2/Mifflin-St Jeor: Developed in the 1990s and more realistic in todays settings. It still doesn’t take into consideration the differences as a consequence of high BF%. Thus, once again, it OVERESTIMATES NEEDS, ESPECIALLY IN THE OVERWEIGHT.
MEN: BMR = [9.99 x weight (kg)] + [6.25 x height (cm)] – [4.92 x age (years)] + 5
WOMEN: BMR = [9.99 x weight (kg)] + [6.25 x height (cm)] – [4.92 x age (years)] -161

3/Katch-McArdle:Considered the most accurate formula for those who are relatively lean. Use ONLY if you have a good estimate of your bodyfat %.
BMR = 370 + (21.6 x LBM)Where LBM = [total weight (kg) x (100 – bodyfat %)]/100

You then multiply these by an ‘activity variable’ to give TEE. This Activity Factor[/u] is the cost of living and it is BASED ON MORE THAN JUST YOUR TRAINING. It also includes work/lifestyle, sport & a TEF of ~15% (an average mixed diet). Average activity variables are:
1.2 = Sedentary (Little or no exercise + desk job)
1.3-1.4 = Lightly Active (Little daily activity & light exercise 1-3 days a week)
1.5-1.6 = Moderately Active (Moderately active daily life & Moderate exercise 3-5 days a week)
1.7-1.8 = Very Active (Physically demanding lifestyle & Hard exercise or sports 6-7 days a week)
1.9-2.0 = Extremely Active (Hard daily exercise or sports and physical job)

So to convert BMR to a TOTAL requirement: multiply the result of your BMR by the variable you fall into!
How Accurate are they?: Well, although they give rough ball-park figures, they are still ‘guesstimations’ and most people still OVERESTIMATE activity, UNDERESTIMATE bodyfat & end up eating TOO MUCH. So the aim is to use these as ‘rough figures’, monitor your weight/ measurements for 2-4 weeks, & IF your weight is stable/ measurements are stable, you have likely found maintenance.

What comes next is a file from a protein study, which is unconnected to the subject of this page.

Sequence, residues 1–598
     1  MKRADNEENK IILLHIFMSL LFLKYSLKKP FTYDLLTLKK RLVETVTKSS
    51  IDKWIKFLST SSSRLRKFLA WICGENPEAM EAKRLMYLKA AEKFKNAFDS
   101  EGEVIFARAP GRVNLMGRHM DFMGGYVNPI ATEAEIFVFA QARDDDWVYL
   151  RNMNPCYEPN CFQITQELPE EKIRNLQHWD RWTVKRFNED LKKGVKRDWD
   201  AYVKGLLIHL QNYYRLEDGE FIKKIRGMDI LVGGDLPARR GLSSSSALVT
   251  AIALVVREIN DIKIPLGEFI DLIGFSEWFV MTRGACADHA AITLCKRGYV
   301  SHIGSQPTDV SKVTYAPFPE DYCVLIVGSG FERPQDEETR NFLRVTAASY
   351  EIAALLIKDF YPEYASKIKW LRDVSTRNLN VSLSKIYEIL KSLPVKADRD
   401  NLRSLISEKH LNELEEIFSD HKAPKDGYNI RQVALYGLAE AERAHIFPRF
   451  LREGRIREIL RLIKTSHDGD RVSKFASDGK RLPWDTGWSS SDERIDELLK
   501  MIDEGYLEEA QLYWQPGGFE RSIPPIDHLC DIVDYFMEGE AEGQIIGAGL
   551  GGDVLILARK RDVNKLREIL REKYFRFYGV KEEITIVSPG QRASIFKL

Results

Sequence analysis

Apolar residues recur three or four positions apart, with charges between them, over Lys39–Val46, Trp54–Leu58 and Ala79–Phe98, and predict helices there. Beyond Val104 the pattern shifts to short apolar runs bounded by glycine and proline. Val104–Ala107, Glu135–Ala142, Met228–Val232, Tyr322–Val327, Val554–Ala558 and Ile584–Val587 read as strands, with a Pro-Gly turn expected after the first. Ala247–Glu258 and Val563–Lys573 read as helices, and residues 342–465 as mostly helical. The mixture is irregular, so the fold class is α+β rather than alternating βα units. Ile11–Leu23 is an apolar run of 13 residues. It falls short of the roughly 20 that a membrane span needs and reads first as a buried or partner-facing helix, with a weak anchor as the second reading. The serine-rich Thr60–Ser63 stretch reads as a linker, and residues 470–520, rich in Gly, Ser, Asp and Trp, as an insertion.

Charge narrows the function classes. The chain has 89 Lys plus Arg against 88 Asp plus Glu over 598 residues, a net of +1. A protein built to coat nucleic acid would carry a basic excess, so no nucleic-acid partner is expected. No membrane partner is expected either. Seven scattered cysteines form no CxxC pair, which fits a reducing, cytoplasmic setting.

I can’t argue with anything written there, especially that you may find that you have to adjust because your body works a little differently.  Young people especially tend to find that their bodies burn more than what the calculations tell them – subsequently, they get rude awakenings when their metabolism goes back to normal and they haven’t adjusted their diet.

Here’s a final option that you may be interested in – I have found that this tends to give higher estimates for me than other methods, but I do find it to be very accurate.  The Total Metabolism Forecaster is a spreadsheet that asks you a ton of lifestyle questions and then produces the number of calories you burn per day.  The link provided is for MS Excel 2007 and newer – other download options and updated versions can be found in this thread/post.


Well you’ve calculated your metabolic rate, aka “maintenance.”   If you ate your exact maintenance every day, your weight should not go up or down excepting shifts in water weight.  Eating at maintenance isn’t a good strategy for just about any purpose.   Let’s keep it simple at first:

Want to gain? Eat 500 calories over your maintenance (1 lb gain/week)